1
By TED-Ed
Published in 2015
Tens of millions of years ago, plate tectonics set North and South America on an unavoidable collision course that would change the face of the Earth and spell life or death for thousands of species. Juan D. Carrillo explains the massive biological repercussions of this collision, which caused one...
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2
By TED-Ed
Published in 2014
It takes a lot of fuel to heat our homes, preserve our food, and power our gadgets. And for 40 percent of the world, cheap, plentiful coal gets the job done. But coal also releases pollutants into the air, causing environmental damage like acid rain and serious health problems. Can we create a...
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3
By TED-Ed
Published in 2014
Atmospheric scientist Karen Kosiba studies how tornadoes form and do damage. Getting measurements near the surface of these twisters is difficult, though, and driving into them is a practice mostly reserved for the big screen. In this TEDYouth Talk, Kosiba describes how she and her team use...
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4
By TED-Ed
Published in 2016
With riing temperatures and seas, massive droughts, and changing landscapes, successfully adapting to climate change is increasingly important. For humans, this can mean using technoogy to find solutions. But for some plants and animals, adapting to these changes involves the most ancient solution...
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5
By TED-Ed
Published in 2016
Lake Maracaibo is the stormiest place on the planet. Thunderstorms rage above this massive body of water for up to 200 days of the year, with each ear-splitting event lasting for several hours. But why? Graeme Anderson lists the factors that create Lake Maracaibo's seemingly everlasting storms.
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6
By TED-Ed
Published in 2016
North America didn't always have its familiar shape, nor its famed mountains, canyons, and plains: all of that was once contained in an unrecognizable mass, buried deep in Rodinia, a huge supercontinent that lay on the surface of the Earth. Peter J. Haproff explains how it took millions of years and...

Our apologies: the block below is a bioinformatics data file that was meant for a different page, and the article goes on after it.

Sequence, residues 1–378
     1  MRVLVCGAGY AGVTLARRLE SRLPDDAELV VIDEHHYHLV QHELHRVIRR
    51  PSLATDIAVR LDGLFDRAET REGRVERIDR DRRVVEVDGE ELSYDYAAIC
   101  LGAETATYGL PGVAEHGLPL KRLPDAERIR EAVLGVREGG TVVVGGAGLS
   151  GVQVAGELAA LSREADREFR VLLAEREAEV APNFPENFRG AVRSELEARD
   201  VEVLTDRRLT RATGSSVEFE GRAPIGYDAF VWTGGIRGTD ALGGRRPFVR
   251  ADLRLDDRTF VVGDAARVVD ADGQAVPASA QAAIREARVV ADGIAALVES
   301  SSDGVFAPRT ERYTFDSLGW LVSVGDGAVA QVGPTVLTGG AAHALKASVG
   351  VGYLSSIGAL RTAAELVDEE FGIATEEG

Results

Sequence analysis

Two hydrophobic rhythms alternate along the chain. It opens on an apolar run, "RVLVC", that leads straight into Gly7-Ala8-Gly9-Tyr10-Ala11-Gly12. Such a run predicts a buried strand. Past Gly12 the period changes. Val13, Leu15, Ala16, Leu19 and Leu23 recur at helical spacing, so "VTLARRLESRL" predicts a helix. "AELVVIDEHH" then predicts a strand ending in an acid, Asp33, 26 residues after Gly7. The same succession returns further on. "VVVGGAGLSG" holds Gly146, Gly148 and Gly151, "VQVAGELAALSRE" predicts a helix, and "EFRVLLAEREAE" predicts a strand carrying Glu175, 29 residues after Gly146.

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7
By TED-Ed
Published in 2014
"In 1816, Europe and North America were plagued by heavy rains, odd-colored snow, famines, strange fogs and very cold weather well into June. Though many people believed it to be the apocalypse, this """"year without a summer"""" was actually the result of a supervolcano eruption that happened one...
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8
By TED-Ed
Published in 2014
As the Earth’s surface temperature gradually rises, it has become vital for us to predict the rate of this increase with as much precision as possible. In order to do that, scientists need to understand more about aerosols and clouds. Jasper Kirkby details an experiment at CERN that aims to do...
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9
By TED-Ed
Published in 2015
We’ve all been told that we should recycle plastic bottles and containers. But what actually happens to the plastic if we just throw it away? Emma Bryce traces the life cycles of three different plastic bottles, shedding light on the dangers these disposables present to our world.
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10
By TED-Ed
Published in 2016
At 8,850 meters above sea level, Qomolangma, also known as Mount Everest, has the highest altitude on the planet. But how did this towering formation get so tall? Michele Koppe peers deep into our planet's crust, where continental plates collede, to find the answer.
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11
By TED-Ed
Published in 2015
"The Arctic may seem like a frozen and desolate environment here nothing ever changes. But the climate of this unique and remote region can be both an early indicator of the climate of the rest of the Earth and a driver for weather patterns across the globe. William Chapman explains why scientists...
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12
By TED-Ed
Published in 2017
"Deep underground lie stores of once-inaccessible natural gas. There's technology, called hydraulic fracturing, or """"fracking,"""" that can extract this natural gas, potentially powering us for decades to come. So how does fracking work and why is it a source of such heated controversy? Mia...
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